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InfoQ Homepage News How Apple Uses Neural Networks for Object Detection in Point Clouds

How Apple Uses Neural Networks for Object Detection in Point Clouds

Apple invented a neural network configuration that can segment objects in point clouds obtained with a LIDAR sensor. 

Recently Apple joined the field of autonomous vehicles. Although we don't know a lot about their car, a lot of companies that are building autonomous vehicles use a so-called LIDAR to detect obstacles around them. The LIDAR emits a light-pulse and measures the time it takes for this pulse to return to its sensor. This gives a  distance from the vehicle to nearby obstacles. Rotating around the sensor can give a distance to obstacles all around the sensor. 

Distances obtained with a LIDAR are stored in a so-called point cloud. After visualizing this collection of points, humans are good at detecting several types of objects in these point clouds such as humans, cars, and bicycles. Unfortunately, this remains a difficult task for computers. Try for yourself to indicate where the human and cars are in the picture above.

Traditional methods rely on handcrafted features to make sense of this data. Examples of hand-crafted features are methods that segment the cloud into sub-clouds, or methods that separate the point cloud into surfaces. Another way to make sense of the LIDAR data is selecting a viewpoint and putting the image through existing computer-vision algorithms. The downside of these approaches is that designing these features is difficult, and it's difficult to design features which generalize well to all situations. Apple now created an end-to-end neural network to solve this problem. This approach does not rely on any hand-crafted features or other machine learning algorithms than neural networks.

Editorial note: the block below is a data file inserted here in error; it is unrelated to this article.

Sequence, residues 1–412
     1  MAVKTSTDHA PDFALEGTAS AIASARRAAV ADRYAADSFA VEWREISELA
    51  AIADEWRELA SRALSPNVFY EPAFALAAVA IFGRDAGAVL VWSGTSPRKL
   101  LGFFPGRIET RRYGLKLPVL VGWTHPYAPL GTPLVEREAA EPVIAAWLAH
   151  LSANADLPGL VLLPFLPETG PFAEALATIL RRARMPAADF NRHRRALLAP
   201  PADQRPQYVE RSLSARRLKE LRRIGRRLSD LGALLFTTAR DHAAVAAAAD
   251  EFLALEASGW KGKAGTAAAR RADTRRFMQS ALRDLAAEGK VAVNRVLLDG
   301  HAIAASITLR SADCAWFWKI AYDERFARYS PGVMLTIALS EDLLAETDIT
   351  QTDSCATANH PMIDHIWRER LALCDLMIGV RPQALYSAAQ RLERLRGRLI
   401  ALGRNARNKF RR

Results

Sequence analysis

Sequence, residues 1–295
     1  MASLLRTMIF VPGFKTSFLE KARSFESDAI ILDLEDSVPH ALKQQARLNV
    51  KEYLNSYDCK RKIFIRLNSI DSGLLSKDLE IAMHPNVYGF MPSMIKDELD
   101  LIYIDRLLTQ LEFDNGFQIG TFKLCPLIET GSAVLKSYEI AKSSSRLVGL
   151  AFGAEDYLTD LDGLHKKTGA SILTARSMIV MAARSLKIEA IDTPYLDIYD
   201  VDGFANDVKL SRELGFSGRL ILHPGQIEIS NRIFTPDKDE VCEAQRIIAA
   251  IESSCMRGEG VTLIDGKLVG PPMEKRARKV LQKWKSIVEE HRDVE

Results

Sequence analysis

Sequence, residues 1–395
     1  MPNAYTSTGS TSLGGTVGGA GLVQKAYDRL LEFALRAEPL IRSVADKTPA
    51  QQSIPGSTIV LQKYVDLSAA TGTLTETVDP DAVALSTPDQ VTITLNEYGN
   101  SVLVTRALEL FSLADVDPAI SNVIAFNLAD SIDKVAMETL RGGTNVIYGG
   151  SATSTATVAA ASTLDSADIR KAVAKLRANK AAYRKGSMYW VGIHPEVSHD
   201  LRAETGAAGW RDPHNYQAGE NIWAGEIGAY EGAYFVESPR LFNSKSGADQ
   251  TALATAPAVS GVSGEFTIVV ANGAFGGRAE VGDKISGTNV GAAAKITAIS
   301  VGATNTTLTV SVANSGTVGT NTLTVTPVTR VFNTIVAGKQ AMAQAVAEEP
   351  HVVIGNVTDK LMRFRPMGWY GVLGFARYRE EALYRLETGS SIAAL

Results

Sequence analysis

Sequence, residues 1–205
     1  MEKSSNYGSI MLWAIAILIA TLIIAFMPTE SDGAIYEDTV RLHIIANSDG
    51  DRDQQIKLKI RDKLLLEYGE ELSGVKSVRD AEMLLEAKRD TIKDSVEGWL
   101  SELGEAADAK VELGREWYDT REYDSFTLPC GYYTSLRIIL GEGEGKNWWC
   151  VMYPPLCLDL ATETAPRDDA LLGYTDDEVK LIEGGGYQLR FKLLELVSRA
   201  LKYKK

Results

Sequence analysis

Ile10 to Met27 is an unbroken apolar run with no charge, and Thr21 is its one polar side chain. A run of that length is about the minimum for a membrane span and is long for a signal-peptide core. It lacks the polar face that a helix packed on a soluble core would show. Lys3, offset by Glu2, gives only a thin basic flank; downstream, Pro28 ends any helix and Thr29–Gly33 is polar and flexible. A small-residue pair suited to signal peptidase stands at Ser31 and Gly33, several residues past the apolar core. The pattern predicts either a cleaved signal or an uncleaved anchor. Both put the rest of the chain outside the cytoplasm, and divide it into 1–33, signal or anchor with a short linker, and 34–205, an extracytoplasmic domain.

The first part of their approach is the so-called "Feature learning network". Apple divides the world into so-called voxels (3D pixels). When detecting cars they make each voxel have a size of 2 meters high and 2.4 meters wide (so a car fits nicely into one voxel). In every voxel, they randomly select a subset of points (some voxels contain a lot of points, some only a few, this way each voxel contains the same amount of input for the neural network). They feed this subset of points through a neural network which creates a representation in 128-dimensional space. 

Doing this for each point in the world gives you a data structure you can feed through the same network architecture that you see in neural network approaches to computer vision. With several convolutional layers, the neural network projects its output on a probability map and a regression map (see image below). The probability map indicates for each voxel in the world if it contains an object or not. The regression map indicates for each voxel where in this voxel the object is. 

Apple tested their approach on the KITTI Vision Benchmark. They compared their approach with other approaches that use similar data, but that DO use handcrafted features. It turns out that their approach has a better performance than all existing approaches, including approaches that DO use handcrafted features. 

With this research, Apple shows the approach they are taking in their autonomous vehicle project. This year it was released that Apple is using six out of a total of twelve LIDAR sensors on the top of their car. They released their results in a paper that can be downloaded from the ArXiv

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